For Android app signing, you need to work with the following components:
In the CD pipeline, import the keystore file, key alias, and associated passwords into the build environment. The app's APK/AAB will be signed using the private key from the Keystore.
Here's a sample GitHub workflow for both iOS and Android app signing.
Note: On iOS, the binary must be signed with a development or ad-hoc provisioning profile and certificate to run on a device. In contrast, on Android, the debug app (apk) can be installed directly on a device without any additional steps.
Distribution involves making the app available to users. There are several ways to distribute apps:
App stores and other distribution platforms offer various tracks or channels for app distribution, each serving a specific purpose:
Automation is key to streamlining the distribution process, allowing the team to focus on app development. This enables the team to focus on building the app and not worry about the distribution process. The most common way to automate the distribution process is to use tools like Fastlane, Wolfia, Bitrise, and Runway.
These tools provide a centralized location for managing the distribution process and various levels of automation. For example, fastlane provides a command line interface for managing the distribution process, and Wolfia provides a web interface for managing the distribution process and automates the monitoring and rolling out of the app.
Rolling out an app involves making it available to users in the production track. It's essential to roll out the app to a small percentage of users first and then gradually increase the percentage of users to ensure that the app is stable and ready for production. This is called a phased rollout/staged rollout and reduces the risk of releasing a buggy app to all users. Monitoring the app to ensure it's stable and ready for production is also essential.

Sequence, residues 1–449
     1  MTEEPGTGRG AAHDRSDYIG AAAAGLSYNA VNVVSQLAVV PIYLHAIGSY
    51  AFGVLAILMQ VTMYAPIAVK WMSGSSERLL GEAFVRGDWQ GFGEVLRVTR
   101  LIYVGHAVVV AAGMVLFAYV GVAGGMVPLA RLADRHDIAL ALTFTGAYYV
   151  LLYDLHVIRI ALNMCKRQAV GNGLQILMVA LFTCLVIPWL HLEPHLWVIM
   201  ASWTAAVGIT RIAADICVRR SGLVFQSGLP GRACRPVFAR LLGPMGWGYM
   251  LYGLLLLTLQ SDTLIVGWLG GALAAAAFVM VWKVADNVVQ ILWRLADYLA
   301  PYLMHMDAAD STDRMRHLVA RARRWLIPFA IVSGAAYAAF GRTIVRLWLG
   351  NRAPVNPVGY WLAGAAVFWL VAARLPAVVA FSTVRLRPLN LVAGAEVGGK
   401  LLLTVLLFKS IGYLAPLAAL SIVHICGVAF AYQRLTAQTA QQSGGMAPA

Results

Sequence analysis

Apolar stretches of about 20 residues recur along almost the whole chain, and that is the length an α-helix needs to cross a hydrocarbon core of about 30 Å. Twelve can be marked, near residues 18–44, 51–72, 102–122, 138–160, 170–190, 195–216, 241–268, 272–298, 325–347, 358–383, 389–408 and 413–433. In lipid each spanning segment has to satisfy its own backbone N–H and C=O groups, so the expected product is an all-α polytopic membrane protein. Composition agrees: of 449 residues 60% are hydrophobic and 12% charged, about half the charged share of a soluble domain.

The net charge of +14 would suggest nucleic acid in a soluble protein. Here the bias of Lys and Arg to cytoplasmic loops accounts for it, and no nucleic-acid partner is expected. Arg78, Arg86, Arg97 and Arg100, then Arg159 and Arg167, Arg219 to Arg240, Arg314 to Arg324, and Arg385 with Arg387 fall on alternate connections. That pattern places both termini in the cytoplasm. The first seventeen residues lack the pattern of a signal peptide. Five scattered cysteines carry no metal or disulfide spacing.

Here's a quick visual of what a rollout would look like:
This process of monitoring and rolling out the app to the appropriate track/channel can be automated using tools like Wolfia. Release management is a vital part of releasing a stable app to production. Wolfia automates rolling out the app to the appropriate track/channel and automating the monitoring so that the rollout can be halted if the app crosses the threshold of crashes. This reduces the blast radius and the impact of a bug on your users.
After distributing the app to the appropriate track/channel, monitoring its stability and production readiness is crucial. Proactive identification and resolution of issues help maintain a high-quality user experience and optimal app performance.
We wrote a detailed blog post on monitoring mobile apps if you want to learn more about it.
In a future post, we will explore automating your release train and best practices for on-call rotations to address production issues while minimizing user experience impact.
This post has examined the various steps involved in releasing a mobile app to production, as well as tools and methods for streamlining the process.
Our goal at Wolfia is to help mobile teams release high-quality apps to production quickly and frequently, with reduced risk and effort. We automate the entire release process, providing a centralized location for managing it.
To learn more about Wolfia, visit our website, explore our documentation, or contact us.